Pasta

Tomatoes

September 17, 2020

Red, ripe, sweetly acid tomatoes are certainly one of the most prized of the summer vegetables. Let’s face it, tomatoes are only good during the summer and off-season ones just don’t taste like anything. In season the best solution is to grow your own or to know a gardener nearby. Greenhouse tomatoes are probably your best choice out of season.

Cherry tomatoes often have better flavor than regular tomatoes, and that is usually true out of season because they are greenhouse grown. Keep them at room temperature. Wash them before using, and when cut in half for serving they are certainly easier to eat.

To peel tomatoes, blanch the whole tomatoes. Drop 2 or 3 at a time into a large pot of rapidly boiling water and boil exactly 10 seconds. Cut out the core and peel the skin down from it. You may blanch tomatoes several hours in advance and peel them later. They keep fresher when still in their skins.

Many recipes call for tomato pulp, meaning you must seed and juice your tomatoes. To do so, halve the peeled tomato crosswise (not through the core). Then holding the half over a sieve set in a bowl, gently squeeze to dislodge most of the jelly-like substance, juice, and seeds; finally, poke out the residue with your finger. Press the juices out of the residue in the sieve and use in soups or sauce, or as a refreshing drink.

©Tiny New York Kitchen © 2020 All Rights Reserved

Enjoying Summer’s Abundance

July 6, 2020

July has given us bright sunny days, low humidity and cool evening temperatures and a great way to capture summer’s splendor is with a picnic. Whether you find respite under the shade of a magnificent tree, spread a blanket on a sandy beach or enjoy your own patio or yard, dining “en plein air” is a delightful diversion to current world conditions.

Simplicity is key for a pleasant picnic. With farm markets opening, stock up on fresh fruits, berries, and vegetables for the picnic basket. Luscious, seasonal asparagus can be lightly grilled, steamed or roasted, then spritzed with fresh lemon juice and adorned with fresh parmesan cheese shavings for a light and lovely picnic lunch that packs easily. Freshly picked asparagus can also be served raw. Shave each stalk using a vegetable peeler, into long strips and dress with olive oil, rice vinegar, salt and pepper. Embellish at will with goat or feta cheese, pine nuts or almonds and plenty of minced herbs.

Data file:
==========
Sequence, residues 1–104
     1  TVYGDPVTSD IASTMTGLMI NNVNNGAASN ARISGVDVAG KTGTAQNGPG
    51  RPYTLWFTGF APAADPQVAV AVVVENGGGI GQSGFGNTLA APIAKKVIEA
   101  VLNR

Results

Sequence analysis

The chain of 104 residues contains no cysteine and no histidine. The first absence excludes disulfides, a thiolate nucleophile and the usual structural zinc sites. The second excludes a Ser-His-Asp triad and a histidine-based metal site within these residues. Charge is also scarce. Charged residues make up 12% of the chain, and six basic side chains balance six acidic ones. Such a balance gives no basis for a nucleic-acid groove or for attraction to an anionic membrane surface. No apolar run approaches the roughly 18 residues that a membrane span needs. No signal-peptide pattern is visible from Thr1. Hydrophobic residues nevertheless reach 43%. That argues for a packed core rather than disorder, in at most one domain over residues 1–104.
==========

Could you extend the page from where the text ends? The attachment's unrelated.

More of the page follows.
Fresh herbs perk up picnic recipes and eliminate the need for excess sodium. Chives will add a slightly sharp bite to potato, egg or pasta salads, as well as a nice little nip of flavor to deviled eggs. Poach a nice piece of salmon and dot it with creamy dill sauce for an elegant picnic entrée. Cilantro and Thai basil elevate rice noodle salads, and the snappy tang of fresh parsley is just the right addition to grain bowls. Fresh basil with ripe tomatoes is a classic combination. For something sweet, pack fresh berries, such as native strawberries, blueberries or raspberries, sprinkled with cinnamon and drizzled with honey.

If your picnic involves grilling use sturdy rosemary to imbue vegetables, meat, and fish with Mediterranean flavor and flair. Marinate chunks of lamb, beef or chicken with fresh rosemary, garlic, and olive oil. Let rest for several hours, then grill as desired.

Have picnic supplies at the ready to take advantage of gorgeous weather. Stash a small roll of garbage bags, hand sanitizer, salt and pepper packets, a small cutting board and knife, bug spray, sunscreen, and a blanket in your picnic basket. Keep small ice packs in the freezer. Gather your food and drink and enjoy the healthy benefits of picnicking all summer long.

“Work With What You Got!”

©Tiny New York Kitchen © 2020 All Rights Reserved

Tomatoes

June 30, 2020

Is there anything better than ripe, juicy summer tomatoes? Tomatoes shine in salads, as toast toppers, and in pasta.

Heirloom tomatoes are grown from seeds that have been passed down through generations and are not modified in any way. They come in hundreds of varieties.

The tomato is technically a fruit because it contains seeds. Still, in 1893, the U.S. Supreme Court ruled to classify it as a vegetable since that’s how it is used in cooking.

Unripe tomatoes won’t ripen in the fridge. Keep them on your counter until they are ready to eat.